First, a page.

Olive Juice

Did you know that olive oil is the only common cooking oil that is the juice of a fruit? All the other oils we use in our kitchen come from seeds: sunflower, rapeseed (canola), peanut and grapeseed. This realisation leads directly to another question. Would you cut an orange, leave it on the counter for a week and then squeeze and drink the juice? Would you step on an apple, leave it on the table for three days and then eat it? Yet that’s what happens to many olives before they’re pressed to extract olive juice.

Can you taste tomatoes?

Can you taste tomatoes?

I’ve tasted and written a lot about olive oil, but this idea had completely escaped me until I met Elisabetta Sebastio last year. She’s a professional olive oil taster both for Italian Chambers of Commerce and international olive oil competitions. We ran our first full-day olive oil class during my Autumn in Tuscany tour in November. It was a revelation for all of us.

Learn more on the Slow Travel Tours website: http://slowtraveltours.com/blog/olive-juice/

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Seasonal Eating 2

At the fruttivendola (fruit and veg shop) in La Villa, Bagni di Lucca, last week, I found the first signs of spring vegetables. Among them were carciofi mamme, or mamma’s artichokes. They’re bigger and more rotund than the pointy petite winter ones. The mamme don’t have spines at the tips of the leaves to draw blood if you’re not careful while preparing them.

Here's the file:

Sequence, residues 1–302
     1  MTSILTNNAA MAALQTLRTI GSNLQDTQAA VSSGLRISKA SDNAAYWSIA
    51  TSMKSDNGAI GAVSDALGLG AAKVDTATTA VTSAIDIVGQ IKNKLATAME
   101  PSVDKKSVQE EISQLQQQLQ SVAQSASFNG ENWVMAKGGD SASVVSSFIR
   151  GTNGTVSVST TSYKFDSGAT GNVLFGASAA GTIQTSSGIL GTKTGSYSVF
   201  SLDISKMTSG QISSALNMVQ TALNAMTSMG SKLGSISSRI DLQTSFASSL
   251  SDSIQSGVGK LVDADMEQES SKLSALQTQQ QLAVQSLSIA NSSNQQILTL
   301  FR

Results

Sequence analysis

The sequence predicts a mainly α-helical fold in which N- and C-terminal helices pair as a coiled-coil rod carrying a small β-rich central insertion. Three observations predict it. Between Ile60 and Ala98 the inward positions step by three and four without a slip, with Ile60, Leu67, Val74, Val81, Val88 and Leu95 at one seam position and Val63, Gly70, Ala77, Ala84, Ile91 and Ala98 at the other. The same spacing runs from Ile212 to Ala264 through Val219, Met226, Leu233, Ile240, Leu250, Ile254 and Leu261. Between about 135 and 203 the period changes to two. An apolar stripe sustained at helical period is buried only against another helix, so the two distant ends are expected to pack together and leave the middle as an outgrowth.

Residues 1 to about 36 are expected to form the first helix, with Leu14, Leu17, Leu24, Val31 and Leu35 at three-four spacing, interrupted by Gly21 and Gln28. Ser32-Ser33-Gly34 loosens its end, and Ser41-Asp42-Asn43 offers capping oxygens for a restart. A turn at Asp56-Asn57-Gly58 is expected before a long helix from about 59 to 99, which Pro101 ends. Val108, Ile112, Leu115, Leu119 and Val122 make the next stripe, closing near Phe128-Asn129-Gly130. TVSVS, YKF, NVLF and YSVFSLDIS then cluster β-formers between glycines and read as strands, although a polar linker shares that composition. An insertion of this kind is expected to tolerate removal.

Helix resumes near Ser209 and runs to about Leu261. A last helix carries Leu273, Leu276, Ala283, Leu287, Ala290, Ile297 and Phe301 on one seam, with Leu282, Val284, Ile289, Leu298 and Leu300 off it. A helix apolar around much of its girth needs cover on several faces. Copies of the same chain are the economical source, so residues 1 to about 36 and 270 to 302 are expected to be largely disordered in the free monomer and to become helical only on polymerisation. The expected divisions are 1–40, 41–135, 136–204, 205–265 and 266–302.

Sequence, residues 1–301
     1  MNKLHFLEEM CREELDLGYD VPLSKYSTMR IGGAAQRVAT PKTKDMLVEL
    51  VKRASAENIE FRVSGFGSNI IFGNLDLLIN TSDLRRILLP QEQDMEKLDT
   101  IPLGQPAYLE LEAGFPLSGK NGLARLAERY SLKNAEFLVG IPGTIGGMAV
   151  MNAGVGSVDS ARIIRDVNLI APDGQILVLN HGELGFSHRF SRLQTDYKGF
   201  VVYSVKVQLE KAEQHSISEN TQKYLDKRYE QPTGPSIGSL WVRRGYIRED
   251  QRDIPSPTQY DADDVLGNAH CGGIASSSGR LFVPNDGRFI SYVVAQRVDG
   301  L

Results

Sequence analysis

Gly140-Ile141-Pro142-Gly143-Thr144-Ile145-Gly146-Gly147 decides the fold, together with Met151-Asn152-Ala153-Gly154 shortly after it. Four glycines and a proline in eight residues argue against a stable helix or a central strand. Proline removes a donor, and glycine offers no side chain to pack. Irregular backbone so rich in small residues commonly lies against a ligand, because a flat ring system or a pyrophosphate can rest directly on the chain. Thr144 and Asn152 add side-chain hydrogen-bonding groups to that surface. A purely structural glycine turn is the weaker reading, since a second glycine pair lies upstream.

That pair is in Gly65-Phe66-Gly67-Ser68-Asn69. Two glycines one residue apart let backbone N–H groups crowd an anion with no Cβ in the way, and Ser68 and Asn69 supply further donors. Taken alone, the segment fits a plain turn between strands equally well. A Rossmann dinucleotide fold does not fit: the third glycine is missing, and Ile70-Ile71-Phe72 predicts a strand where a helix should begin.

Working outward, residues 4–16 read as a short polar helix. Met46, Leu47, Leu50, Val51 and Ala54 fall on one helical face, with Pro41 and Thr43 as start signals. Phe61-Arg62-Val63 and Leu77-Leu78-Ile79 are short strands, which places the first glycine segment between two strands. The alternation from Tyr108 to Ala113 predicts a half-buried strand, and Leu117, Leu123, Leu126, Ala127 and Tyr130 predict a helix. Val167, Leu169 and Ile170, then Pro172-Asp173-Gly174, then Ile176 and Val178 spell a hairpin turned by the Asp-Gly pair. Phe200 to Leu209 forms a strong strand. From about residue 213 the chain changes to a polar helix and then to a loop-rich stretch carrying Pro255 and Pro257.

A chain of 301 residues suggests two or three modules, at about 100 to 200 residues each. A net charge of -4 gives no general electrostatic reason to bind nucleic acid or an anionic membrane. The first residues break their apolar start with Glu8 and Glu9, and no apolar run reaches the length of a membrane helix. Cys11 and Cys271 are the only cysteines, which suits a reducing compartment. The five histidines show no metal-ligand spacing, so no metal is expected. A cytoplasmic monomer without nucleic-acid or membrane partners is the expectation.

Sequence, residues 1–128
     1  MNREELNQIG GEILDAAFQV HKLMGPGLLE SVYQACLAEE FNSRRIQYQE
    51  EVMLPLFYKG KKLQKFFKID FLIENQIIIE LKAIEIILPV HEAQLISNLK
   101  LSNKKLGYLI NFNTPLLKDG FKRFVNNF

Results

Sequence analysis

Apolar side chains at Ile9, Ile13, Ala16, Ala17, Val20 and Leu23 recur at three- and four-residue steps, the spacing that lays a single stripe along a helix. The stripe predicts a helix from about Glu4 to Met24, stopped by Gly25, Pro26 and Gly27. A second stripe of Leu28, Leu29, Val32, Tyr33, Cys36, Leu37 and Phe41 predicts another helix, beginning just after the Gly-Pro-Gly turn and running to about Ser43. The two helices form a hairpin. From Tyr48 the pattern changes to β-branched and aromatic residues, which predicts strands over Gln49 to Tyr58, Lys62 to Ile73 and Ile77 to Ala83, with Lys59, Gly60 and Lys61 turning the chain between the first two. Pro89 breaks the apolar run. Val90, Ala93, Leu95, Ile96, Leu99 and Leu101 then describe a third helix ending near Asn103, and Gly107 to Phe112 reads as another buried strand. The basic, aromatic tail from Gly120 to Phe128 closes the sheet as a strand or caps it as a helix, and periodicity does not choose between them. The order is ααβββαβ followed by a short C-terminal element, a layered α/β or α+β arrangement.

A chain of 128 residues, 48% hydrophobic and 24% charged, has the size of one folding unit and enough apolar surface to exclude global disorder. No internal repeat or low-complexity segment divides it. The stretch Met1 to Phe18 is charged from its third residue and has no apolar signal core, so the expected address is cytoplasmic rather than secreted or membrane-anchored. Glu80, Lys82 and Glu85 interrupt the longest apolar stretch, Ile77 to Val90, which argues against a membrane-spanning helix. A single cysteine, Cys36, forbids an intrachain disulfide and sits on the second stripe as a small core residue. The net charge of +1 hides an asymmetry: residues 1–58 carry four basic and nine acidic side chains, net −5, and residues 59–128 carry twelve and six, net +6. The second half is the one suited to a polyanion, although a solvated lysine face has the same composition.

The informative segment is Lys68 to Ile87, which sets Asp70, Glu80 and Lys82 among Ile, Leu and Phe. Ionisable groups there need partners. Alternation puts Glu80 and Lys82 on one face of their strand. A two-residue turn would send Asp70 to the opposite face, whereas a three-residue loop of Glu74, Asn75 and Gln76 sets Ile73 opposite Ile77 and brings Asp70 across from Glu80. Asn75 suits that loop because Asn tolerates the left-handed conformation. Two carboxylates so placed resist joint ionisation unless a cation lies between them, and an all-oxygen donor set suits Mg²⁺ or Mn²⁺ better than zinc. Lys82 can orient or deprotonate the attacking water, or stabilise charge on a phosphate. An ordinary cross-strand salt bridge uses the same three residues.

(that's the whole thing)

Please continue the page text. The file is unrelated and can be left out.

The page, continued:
Mamma's artichokes are fat and gentle

In fact, they resemble the globe artichokes we get in England during the summer, which I usually boil and eat dipped in melted butter. I’d never cooked them in Italy and I could have found a recipe on the internet when I got home, but it wouldn’t have told me how people prepare it here where I live. I always ask the person I’m buying from; they invariably know how to cook what they’re selling, and love to describe it to you. One of the many advantages of small shops over supermarkets. This one was simple.

Assembling the stuffing

Break off some of the outer leaves. Cut the stem off even with the base so it will sit in a saucepan. Peel the stringy outer part off the stems. Make a stuffing from a little stale bread softened in water and crumbled by hand, some finely chopped pancetta, the peeled stems, parsley and garlic. The quantities are up to you. Open out the leaves and use a teaspoon to remove the choke from the centre if there is one. Press the stuffing into the centre and between the individual leaves. Heat some extra-virgin olive oil in a saucepan into which the stuffed artichokes will just fit and put them in bottoms down. Brown the bottoms for about 5 minutes. Pour in a glass of white wine and boil until the alcohol has evaporated. Add boiling water to come halfway up the artichokes, cover and simmer for about 45 minutes until tender. Remove the lid, raise the heat and boil until the liquid has reduced to form a good flavoured sauce. Allow to cool a bit before serving so they can be eaten with your fingers. Use some crusty country bread to mop up the sauce. Messy but full of beautifully blended flavours.

Stuffed Mamma's artichoke alla Bagni di Lucca

Break off a leaf and some stuffing and scrape the artichoke flesh off the leaf with your lower teeth

Try it yourself, but please, please wait until globe artichokes are in season near you. It takes some time to prepare and won’t be worth the effort if the artichokes have been flown halfway round the world and then kept in a warehouse for a week and in the supermarket for another week. If no one cultivates artichokes near you, don’t bother. Cook something else.

Posted in artichokes, carciofi, COOKING, SHOPPING, VEGETABLES | 10 Comments